Initially, BBVA moved for a one-week extension of time to respond to the Dismissal Motion because it was exploring settlement. The court extended the response deadline as requested, but BBVA never filed a response. On March 7, 2011, the court entered a two-sentence order that granted the Dismissal Motion and ordered the Debtor's attorney to "file a motion stating his attorney's fees and costs."*fn2
In accordance with the court's order, on March 24, 2011, the Debtor filed a motion for fees of $7,272.50 and costs of $18.88 (the "Fee Motion"). As justification for the award of fees and costs, the Debtor stated in the Fee Motion only that BBVA's Complaint "was not substantially justified." The Fee Motion did not specify a statutory or other legal basis for the requested award of fees. The Debtor further explained that the fees and costs he requested were reasonable, necessary, and actually incurred in defending the Complaint. The Debtor's counsel attached detailed time entries to the Fee Motion.
On April 26, 2011, BBVA filed an opposition to the Fee Motion in which it argued: (1) that, in the absence of bad faith, statutory authorization, or contractual provision, attorney's fees may not be awarded in an adversary proceeding; (2) that although it made a crucial mistake in understanding the relevant law, BBVA did not act in bad faith; and (3) that there exists no statutory or contractual basis for an award of fees. In its opposition, BBVA did not dispute the amount of the fees and costs that the Debtor had requested but, without an explanation as to why further time was required or warranted, asked the court to afford it more time to do so if the court concluded that an award of fees and costs was appropriate at all.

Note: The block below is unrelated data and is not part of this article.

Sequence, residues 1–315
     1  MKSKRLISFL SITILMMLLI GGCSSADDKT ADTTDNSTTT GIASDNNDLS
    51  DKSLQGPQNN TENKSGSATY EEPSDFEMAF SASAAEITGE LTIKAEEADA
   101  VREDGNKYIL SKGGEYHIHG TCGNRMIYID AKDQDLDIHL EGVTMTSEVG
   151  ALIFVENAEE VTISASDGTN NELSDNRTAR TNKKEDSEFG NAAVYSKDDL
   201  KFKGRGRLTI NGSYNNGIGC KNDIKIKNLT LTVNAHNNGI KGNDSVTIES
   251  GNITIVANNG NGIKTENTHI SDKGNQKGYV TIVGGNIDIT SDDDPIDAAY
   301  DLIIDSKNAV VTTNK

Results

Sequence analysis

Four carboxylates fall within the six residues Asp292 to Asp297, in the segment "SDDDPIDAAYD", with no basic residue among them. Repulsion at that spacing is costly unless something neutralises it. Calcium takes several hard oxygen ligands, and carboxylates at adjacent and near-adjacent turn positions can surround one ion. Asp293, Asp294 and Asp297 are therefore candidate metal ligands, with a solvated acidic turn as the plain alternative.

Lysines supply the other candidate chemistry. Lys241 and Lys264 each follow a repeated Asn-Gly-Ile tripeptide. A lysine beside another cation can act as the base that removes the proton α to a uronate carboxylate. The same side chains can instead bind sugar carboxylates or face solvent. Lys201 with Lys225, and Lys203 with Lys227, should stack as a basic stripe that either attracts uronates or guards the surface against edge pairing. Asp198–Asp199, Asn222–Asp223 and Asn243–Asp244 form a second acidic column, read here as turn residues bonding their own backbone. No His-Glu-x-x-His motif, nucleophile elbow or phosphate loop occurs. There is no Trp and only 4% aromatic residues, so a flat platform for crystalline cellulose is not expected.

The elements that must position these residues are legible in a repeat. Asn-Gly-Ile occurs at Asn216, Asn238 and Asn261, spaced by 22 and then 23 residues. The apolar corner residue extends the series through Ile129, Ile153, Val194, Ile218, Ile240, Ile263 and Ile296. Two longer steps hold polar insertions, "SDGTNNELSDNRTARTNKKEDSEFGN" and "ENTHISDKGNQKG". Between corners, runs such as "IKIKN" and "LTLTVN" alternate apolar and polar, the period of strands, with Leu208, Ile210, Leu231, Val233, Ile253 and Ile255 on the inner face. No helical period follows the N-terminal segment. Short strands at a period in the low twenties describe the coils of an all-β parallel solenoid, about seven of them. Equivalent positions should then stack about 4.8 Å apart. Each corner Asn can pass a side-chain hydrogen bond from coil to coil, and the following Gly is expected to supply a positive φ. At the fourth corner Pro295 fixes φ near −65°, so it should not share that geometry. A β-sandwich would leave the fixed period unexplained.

The Debtor moved for leave to file a reply to BBVA's opposition to the Fee Motion, and the court granted leave.*fn3 In his reply, filed June 15, 2011, the Debtor explained that the Complaint had no basis in law, particularly given BBVA's admissions in its opposition, and the Debtor alleged that, contrary to BBVA's opposition, BBVA had made little attempt to settle the matter. The Debtor further asserted that there was ample authority for the court to impose sanctions; he cited Fed. R. Bankr. P. 9011, 28 U.S.C. § 1927, 11 U.S.C. § 105, and case law that he alleged stands for the proposition that federal courts have the inherent power to sanction misconduct.
On June 22, 2011, BBVA filed a motion to extend the time to file a surreply to July 15, 2011.*fn4 BBVA alleged that the Debtor's reply contained false factual contentions and that its surreply would respond to these and to the "legal arguments in reference to Rule 11."
On July 1, 2011, before BBVA filed a surreply, the bankruptcy court entered, in a single document, orders that denied BBVA's motion for extension of time to file a surreply and granted the Fee Motion. The court did not at this time issue findings and rulings or any explanation of its reasons for these orders.
On July 14, 2011, BBVA moved under Fed. R. Bankr. P. 7052 for issuance of findings of fact and conclusions of law with respect to the Surreply and Fee Orders (the "Rule 7052 Motion").*fn5 On August 31, 2011, the court issued a document entitled Opinion and Order (the "Opinion and Order") in which it provided the requested findings and conclusions and amended the Fee Order in two respects: first, by specifying that the fees and costs were being assessed against both the plaintiff and its counsel,*fn6 and second, by setting a 20-day deadline for payment of the fees and costs. In the Opinion, the court set forth the procedural background, including the numerous extensions that BBVA had obtained during the course of the adversary proceeding. The court cited various authorities--Fed. R. Bankr. P. 7054(b), Fed. R. Bankr. P. 9011, 11 U.S.C. § 105, 28 U.S.C. § 1927, ...